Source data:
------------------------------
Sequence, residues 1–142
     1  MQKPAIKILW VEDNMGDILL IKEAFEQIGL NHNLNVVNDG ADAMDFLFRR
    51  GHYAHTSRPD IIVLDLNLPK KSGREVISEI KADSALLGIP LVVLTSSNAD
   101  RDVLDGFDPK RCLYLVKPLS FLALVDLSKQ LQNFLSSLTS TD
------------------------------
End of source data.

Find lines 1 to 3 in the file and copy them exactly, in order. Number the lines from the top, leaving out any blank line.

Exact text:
Sequence, residues 1–142
     1  MQKPAIKILW VEDNMGDILL IKEAFEQIGL NHNLNVVNDG ADAMDFLFRR
    51  GHYAHTSRPD IIVLDLNLPK KSGREVISEI KADSALLGIP LVVLTSSNAD